Going back to school in person this fall will feel different to most students who spent the pandemic learning over Zoom on their computers from home. The simple social interaction with teammates, friends made in clubs outside the classroom and positive adult role models like teachers and coaches will most certainly benefit students from elementary school to college.
It’s always important that students start the school year strong with a clean bill of health. If you haven’t scheduled your child’s school physical, it’s important to do so very soon.
NCH Medical Group Family Practitioner, Mukesh Kumar, M.D., sees patients of all ages at the conveniently located office on the campus of Harper College in Palatine. Dr. Kumar answered common questions about school physicals.
Q: Who needs a school physical?
Dr. Kumar: Every child who is going to daycare, preschool or school needs a school physical. School physicals are important to ensure children are growing well both physically and mentally. The state of Illinois requires school physicals for all children entering a public, private or parochial school for the following grade levels for the first time: pre-kindergarten, kindergarten, and grades 6 and 9.
Q: Is there a difference between a sports physical and a school physical?
Dr. Kumar: A sports physical is different than the school physical. It reviews your child’s current health status and medical history to ensure that your child is healthy enough to play his or her sport. During sports physicals, we review preexisting injuries and evaluate your child’s current fitness level to determine that there is no risk to your child playing a sport.
Q: Have you learned of any local schools requiring the COVID-19 vaccine?
Dr. Kumar: So far I haven’t heard that any local elementary or high school has made the COVID vaccine mandatory. However, some colleges and universities have set that expectation for in person learning. Make sure to check your school’s requirements.
Q: What vaccines are required for school children and at what age?
Dr. Kumar: Usual vaccination recommendations are:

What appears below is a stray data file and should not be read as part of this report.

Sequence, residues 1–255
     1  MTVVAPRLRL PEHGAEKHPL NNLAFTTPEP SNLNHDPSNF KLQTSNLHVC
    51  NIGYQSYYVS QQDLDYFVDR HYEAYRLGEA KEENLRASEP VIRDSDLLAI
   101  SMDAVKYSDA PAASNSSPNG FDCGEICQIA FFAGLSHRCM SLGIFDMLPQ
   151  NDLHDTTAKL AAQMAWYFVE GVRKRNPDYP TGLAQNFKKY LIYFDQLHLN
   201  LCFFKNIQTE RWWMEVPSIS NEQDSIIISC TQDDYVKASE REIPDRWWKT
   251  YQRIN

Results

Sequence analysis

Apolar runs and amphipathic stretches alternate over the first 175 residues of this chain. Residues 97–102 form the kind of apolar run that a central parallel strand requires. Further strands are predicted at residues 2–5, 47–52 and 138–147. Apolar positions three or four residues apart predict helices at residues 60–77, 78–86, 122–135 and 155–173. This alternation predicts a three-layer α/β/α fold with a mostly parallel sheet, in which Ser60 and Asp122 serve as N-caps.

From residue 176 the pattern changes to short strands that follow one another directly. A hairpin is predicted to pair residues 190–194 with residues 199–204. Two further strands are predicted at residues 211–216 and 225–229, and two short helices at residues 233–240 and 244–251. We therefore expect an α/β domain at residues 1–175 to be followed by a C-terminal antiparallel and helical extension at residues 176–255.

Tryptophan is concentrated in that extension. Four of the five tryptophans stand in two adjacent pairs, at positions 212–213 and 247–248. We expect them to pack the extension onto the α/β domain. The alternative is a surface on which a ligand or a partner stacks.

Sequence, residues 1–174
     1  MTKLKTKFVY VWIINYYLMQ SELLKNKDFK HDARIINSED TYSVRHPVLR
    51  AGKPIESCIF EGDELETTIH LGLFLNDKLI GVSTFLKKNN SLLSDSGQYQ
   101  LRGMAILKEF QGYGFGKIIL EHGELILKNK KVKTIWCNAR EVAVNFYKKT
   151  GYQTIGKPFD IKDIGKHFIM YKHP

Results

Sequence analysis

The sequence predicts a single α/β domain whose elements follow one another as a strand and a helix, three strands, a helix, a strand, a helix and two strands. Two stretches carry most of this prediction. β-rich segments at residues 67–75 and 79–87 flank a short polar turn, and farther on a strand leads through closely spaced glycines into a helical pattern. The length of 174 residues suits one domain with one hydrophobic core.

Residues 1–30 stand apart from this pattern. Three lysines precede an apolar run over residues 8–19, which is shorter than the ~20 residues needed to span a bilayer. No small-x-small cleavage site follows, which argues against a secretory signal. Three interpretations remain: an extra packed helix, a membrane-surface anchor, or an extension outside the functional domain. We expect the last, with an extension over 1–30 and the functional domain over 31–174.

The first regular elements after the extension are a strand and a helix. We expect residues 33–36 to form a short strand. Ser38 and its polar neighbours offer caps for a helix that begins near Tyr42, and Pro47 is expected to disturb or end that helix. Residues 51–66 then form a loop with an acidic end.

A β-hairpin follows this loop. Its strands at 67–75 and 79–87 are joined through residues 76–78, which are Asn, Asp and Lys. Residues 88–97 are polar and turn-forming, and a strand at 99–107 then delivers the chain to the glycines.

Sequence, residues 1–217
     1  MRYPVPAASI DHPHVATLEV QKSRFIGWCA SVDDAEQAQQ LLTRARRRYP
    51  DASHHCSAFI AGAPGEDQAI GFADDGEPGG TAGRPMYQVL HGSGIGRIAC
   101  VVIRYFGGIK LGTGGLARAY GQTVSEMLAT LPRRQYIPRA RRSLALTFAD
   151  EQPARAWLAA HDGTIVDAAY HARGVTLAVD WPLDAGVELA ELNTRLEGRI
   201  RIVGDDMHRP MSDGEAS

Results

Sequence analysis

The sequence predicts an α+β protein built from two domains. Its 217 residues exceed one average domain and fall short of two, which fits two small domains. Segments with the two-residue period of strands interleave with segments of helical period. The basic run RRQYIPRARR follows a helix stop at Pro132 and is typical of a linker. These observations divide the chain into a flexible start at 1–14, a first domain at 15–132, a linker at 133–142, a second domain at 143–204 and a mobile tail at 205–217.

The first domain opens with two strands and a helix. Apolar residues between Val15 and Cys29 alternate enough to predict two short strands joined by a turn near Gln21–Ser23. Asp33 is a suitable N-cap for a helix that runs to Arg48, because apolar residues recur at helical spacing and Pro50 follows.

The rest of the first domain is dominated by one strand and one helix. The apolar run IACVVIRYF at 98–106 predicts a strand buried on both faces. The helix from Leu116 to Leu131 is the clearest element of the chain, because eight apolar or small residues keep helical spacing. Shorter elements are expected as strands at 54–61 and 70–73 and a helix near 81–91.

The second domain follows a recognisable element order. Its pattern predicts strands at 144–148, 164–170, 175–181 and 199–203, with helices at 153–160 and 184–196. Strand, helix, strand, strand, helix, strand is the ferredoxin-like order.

Kindergarten: diphtheria, tetanus, pertussis, polio, measles, mumps, rubella and chicken pox. Sixth grade: tetanus booster, diphtheria booster and pertussis booster; Menactra meningitis; Gardasil-human papilloma (HPV, the virus that can cause cervical cancer later in life). Ninth grade: Menactra-meningitis booster given at age 16-18. Please check with your college or university for their specific requirements.
Q: What about face masks? Do children need to wear them?
Dr. Kumar: I’m sure different schools will have differing requirements on masks, however, the American Academy of Pediatrics (AAP) recommends the continued use of a well-fitting face mask for children and teens who are age 2 years and older and not yet fully vaccinated.
Q: How do parents know to keep their child home from school when they are not feeling well?
Dr. Kumar: Don’t send a child to school who has a fever, is nauseated or vomiting, or has diarrhea, loss of appetite, are clingy or lethargic, complain of pain, are drooling with mouth sores, or who just don’t seem like themselves.
Q: Please share anything you’d like parents to know before they bring their child in for a school physical.
Dr. Kumar: It would be helpful if you could explain to your child exactly what’s going to happen at the physical, so they’re not left to their own imagination. Encourage your child to discuss any concerns they may have. Make a list of concerns you want to discuss. Bring updated vaccination records (if you are seeing a new doctor).
Dr. Kumar and his partner, Courtney Snyder, D.O., are accepting new patients at their office in Palatine on Harper College’s campus. You can call 847-618-0121 for an appointment.